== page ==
Even in a blockchain bear market, you can make money.

In the traditional economy, there are “recession-proof businesses” that still make money regardless of how the stock market is doing. Service businesses do well, as people still need accountants to do their taxes and barbers to cut their hair.

The same holds true in the blockchain economy: there are “recession-proof businesses” that still make money when the price of bitcoin falls. During the Great Crypto Winter of 2018, we watched carefully for businesses that were still thriving, even in a blockchain bear market. Here’s what we found.

Digital Exchanges

Even when people are selling, they need a place to sell.

Digital exchanges, the marketplaces where investors buy and sell bitcoin and cryptocurrencies, are not just alive, they’re thriving. True, trading volumes are greatly reduced during bear markets—investors are not manic, they’re depressed—and fewer trades means less revenue. But this can be a good thing.

First, it means a thinning of the herd, as many of the fly-by-night exchanges close up shop. Power consolidates into a handful of “legitimate” exchanges, as laid out in this excellent report that Bitwise prepared for the SEC.

According to this analysis, the top 10 digital exchanges today include Binance (which trades an Average Daily Volume of $110M), Bitfinex ($38M), Kraken ($31M), Bitstamp ($31M), Coinbase ($27M), bitFlyer ($14M), Gemini ($8M), itBit ($6M), Bittrex ($5M), and Poloniex ($1.4M).

These are the healthy ones, and they’re still making money—a percentage of every trade. When the market turns around, they’re likely to be the ones gushing cash.

Of course these are not publicly-traded companies, but many are issuing their own tokens, which investors can buy right now.

More reading: See our list of Best Cryptocurrency Exchanges for 2019, and How to Buy Binance Coin.

Market Making

Let’s say you own an imaginary token called ThinCoin, and you sell some of your ThinCoin on one of the digital exchanges listed above. You’re not actually selling to another investor, who’s sitting there waiting to buy from you. You’re selling to a market maker, a middleman or middlewoman.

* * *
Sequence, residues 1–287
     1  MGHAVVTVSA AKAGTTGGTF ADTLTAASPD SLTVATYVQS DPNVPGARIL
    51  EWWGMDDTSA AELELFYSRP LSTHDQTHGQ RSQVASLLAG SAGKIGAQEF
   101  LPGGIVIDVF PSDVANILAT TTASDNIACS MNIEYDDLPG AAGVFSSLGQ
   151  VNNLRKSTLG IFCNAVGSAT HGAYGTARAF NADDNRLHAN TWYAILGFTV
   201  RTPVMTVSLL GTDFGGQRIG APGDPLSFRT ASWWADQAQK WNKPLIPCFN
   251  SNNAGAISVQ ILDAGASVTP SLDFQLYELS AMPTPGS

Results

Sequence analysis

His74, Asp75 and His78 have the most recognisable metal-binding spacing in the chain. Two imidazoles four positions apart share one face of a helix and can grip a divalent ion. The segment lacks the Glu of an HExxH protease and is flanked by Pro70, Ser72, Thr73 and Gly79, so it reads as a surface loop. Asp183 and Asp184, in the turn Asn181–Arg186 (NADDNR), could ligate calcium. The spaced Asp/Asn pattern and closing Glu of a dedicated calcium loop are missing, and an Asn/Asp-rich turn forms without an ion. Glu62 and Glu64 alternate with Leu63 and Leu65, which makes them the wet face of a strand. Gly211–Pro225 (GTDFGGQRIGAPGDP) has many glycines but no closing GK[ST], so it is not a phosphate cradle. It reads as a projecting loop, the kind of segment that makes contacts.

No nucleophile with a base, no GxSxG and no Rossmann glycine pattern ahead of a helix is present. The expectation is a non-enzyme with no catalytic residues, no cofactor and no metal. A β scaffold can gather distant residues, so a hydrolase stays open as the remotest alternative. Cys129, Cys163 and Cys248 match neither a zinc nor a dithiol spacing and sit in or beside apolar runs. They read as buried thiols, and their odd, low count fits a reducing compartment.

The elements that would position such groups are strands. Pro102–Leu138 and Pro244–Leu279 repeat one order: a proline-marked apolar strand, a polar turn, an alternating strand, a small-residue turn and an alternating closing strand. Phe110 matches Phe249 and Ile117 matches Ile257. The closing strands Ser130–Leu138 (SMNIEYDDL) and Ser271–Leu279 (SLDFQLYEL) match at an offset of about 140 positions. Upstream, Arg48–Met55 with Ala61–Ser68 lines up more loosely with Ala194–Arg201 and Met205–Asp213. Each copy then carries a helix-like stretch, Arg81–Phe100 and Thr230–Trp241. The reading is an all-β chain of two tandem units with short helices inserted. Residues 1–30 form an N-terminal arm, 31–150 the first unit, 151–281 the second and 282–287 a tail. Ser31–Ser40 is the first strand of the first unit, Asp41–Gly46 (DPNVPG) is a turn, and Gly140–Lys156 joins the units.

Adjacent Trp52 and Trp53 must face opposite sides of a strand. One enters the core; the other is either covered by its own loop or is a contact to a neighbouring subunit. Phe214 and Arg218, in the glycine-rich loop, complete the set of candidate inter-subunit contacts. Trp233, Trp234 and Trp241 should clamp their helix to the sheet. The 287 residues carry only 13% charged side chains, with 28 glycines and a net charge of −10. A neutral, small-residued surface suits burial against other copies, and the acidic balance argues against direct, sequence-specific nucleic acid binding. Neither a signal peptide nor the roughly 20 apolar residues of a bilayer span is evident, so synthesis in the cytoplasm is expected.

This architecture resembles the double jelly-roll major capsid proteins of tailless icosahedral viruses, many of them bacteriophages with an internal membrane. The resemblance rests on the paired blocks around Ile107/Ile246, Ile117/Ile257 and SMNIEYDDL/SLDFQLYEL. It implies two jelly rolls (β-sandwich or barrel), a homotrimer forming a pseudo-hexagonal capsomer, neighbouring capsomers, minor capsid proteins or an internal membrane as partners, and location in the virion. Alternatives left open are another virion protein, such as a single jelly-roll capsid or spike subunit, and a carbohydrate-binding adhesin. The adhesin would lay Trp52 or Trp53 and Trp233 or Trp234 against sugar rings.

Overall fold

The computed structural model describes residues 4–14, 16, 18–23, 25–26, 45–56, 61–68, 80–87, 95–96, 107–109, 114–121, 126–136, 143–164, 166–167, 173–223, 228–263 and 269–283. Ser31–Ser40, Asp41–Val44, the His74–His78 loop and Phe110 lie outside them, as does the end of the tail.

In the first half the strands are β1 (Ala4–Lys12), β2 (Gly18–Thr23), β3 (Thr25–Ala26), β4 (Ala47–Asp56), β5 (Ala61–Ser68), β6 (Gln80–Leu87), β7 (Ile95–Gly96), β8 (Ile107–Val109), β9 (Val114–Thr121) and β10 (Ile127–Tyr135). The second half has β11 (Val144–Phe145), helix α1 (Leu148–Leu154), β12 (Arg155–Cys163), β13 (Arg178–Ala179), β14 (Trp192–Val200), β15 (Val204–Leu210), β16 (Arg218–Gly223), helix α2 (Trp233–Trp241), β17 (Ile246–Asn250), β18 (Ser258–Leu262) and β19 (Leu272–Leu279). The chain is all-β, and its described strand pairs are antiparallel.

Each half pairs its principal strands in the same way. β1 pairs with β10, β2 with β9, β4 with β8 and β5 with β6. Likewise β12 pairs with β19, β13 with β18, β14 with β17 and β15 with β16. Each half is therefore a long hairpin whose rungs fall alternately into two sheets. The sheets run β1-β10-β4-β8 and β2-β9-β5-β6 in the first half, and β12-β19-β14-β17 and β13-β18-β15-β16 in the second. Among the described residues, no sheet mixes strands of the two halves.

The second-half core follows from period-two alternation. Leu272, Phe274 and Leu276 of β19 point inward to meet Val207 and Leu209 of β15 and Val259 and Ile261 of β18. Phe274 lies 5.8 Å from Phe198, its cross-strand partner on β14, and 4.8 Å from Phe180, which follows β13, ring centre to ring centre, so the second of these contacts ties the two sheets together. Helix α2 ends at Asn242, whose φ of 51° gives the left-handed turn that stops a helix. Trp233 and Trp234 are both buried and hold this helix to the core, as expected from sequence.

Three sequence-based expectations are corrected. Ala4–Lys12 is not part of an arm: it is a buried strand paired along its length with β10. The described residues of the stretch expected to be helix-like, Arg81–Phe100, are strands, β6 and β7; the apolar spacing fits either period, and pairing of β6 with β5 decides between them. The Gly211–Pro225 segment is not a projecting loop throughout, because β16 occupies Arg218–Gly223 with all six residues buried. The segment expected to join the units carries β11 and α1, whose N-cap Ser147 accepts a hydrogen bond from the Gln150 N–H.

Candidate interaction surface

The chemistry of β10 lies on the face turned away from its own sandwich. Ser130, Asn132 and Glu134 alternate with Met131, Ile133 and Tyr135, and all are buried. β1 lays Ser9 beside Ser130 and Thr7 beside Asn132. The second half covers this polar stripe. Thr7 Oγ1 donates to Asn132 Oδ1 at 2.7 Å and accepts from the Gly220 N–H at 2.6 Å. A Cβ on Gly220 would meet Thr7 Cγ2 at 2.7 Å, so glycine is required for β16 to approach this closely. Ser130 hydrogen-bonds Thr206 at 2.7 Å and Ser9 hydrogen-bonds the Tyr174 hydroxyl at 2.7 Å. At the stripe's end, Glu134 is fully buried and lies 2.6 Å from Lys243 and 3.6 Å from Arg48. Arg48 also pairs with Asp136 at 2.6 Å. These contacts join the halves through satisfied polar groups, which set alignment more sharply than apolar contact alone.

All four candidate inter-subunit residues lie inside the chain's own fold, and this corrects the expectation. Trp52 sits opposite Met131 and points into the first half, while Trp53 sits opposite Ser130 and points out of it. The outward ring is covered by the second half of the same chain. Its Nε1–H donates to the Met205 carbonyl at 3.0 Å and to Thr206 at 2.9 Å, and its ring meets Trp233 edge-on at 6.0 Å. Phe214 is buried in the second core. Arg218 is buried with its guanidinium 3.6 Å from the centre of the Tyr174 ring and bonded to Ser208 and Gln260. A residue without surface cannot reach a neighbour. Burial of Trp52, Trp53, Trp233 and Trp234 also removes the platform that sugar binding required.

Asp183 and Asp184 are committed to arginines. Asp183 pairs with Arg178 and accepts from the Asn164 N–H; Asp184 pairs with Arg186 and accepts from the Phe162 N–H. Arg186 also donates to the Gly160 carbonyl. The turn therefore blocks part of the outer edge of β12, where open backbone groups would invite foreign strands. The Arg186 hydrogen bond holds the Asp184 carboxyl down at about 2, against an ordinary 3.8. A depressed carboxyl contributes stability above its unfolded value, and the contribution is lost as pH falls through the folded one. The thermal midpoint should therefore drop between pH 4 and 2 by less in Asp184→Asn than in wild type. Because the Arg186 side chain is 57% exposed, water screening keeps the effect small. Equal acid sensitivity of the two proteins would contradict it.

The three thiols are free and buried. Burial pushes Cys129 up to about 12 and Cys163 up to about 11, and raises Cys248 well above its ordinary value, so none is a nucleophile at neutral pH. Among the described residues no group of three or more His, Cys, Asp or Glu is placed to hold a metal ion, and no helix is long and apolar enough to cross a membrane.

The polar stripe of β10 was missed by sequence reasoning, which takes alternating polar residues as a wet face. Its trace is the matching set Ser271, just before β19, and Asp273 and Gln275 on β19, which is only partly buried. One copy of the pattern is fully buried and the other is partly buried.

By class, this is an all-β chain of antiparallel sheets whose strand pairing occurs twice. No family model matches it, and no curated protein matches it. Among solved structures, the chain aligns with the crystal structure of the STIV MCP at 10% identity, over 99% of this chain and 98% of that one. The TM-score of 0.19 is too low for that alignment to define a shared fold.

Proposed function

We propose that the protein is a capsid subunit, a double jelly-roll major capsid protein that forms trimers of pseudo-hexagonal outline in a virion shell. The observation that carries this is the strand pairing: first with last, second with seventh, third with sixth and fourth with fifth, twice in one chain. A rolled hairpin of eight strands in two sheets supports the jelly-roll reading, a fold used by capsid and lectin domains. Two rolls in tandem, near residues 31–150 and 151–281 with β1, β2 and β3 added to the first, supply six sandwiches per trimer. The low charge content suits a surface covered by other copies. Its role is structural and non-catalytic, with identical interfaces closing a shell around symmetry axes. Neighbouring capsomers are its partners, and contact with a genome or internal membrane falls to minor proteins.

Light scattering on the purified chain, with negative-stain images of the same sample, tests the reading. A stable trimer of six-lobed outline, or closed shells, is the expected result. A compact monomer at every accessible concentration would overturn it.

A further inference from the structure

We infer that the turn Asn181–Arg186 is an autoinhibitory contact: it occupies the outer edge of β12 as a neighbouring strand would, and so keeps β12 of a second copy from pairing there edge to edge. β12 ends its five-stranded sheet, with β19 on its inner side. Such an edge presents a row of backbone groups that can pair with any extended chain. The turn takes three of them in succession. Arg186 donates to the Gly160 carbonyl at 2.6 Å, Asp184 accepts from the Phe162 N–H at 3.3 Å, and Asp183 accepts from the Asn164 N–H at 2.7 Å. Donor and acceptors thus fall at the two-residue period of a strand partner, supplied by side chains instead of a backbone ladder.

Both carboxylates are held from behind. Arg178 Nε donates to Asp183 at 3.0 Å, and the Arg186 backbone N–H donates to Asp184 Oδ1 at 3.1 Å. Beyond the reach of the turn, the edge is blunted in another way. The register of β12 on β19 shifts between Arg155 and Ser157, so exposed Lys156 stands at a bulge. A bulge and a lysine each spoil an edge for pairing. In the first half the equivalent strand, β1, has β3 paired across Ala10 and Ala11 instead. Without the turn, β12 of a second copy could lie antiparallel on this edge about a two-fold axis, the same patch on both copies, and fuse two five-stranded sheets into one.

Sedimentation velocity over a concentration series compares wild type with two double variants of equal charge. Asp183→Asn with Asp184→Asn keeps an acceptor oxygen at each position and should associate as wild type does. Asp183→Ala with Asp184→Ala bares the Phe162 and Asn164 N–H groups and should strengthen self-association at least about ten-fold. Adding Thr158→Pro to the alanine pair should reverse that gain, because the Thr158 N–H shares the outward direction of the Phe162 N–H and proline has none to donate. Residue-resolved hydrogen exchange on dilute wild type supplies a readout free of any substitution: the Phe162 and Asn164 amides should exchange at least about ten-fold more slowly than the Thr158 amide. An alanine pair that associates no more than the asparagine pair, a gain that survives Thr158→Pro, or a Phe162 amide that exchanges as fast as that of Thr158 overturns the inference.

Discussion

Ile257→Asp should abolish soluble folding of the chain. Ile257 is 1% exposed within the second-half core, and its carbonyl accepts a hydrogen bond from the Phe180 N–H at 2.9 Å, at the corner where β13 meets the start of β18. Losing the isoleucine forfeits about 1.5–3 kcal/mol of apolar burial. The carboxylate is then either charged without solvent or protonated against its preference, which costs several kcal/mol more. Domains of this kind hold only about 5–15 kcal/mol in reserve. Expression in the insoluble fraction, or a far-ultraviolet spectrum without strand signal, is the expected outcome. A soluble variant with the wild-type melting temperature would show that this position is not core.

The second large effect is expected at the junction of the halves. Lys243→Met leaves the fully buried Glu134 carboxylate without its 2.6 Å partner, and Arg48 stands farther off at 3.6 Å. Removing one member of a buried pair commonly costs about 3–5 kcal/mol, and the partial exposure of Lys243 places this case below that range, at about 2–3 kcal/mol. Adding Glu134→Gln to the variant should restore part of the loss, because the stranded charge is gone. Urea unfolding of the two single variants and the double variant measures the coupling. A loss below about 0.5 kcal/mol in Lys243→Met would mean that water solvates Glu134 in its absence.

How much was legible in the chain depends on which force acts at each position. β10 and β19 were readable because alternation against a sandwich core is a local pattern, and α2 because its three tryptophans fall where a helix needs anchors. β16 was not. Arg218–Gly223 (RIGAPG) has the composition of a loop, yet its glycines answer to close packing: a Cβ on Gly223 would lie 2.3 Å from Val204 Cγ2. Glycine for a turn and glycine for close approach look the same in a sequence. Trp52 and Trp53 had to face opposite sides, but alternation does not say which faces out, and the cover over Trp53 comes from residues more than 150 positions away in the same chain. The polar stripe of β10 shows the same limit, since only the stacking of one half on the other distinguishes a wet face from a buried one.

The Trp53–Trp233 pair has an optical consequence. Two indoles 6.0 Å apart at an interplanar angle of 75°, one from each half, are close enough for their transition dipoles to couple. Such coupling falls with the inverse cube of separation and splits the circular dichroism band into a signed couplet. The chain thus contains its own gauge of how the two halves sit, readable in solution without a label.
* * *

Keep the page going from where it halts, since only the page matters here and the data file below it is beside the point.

Of course, the blockchain is supposed to do away with middlepeople, but they are necessary in trading platforms. The market maker is the one who places all these “buy” orders at different prices (let’s say around $1.00), so that you can instantly “sell” your ThinCoin whenever you want.

Simultaneously the market maker is placing “sell” orders across the board at slightly higher prices (let’s say around $1.05), so other investors can “buy” ThinCoin whenever they want. The market maker makes money on the spread.

Just as digital exchanges still make money in a down market, so do market makers—maybe even more. As the volume of trades decreases, thinly-traded tokens (like ThinCoin) may need market makers to prop them up—and that may mean larger spreads.

More reading: See our list of Best Crypto Market Makers, Rated and Reviewed.

Staking

A host of companies are now offering crypto staking services. By buying digital assets based on Proof of Stake (like Tezos), then storing it with these companies, they allow you to earn “dividends” or “interest” on your tokens—like storing your money with a bank.

It’s still early days for these services, which are claiming anywhere from a 5% to 100% annual return. (Coinbase Custody, which seems to have the lead in this market, estimates a 6.6% annual return, or a little less than the average return on the overall stock market.)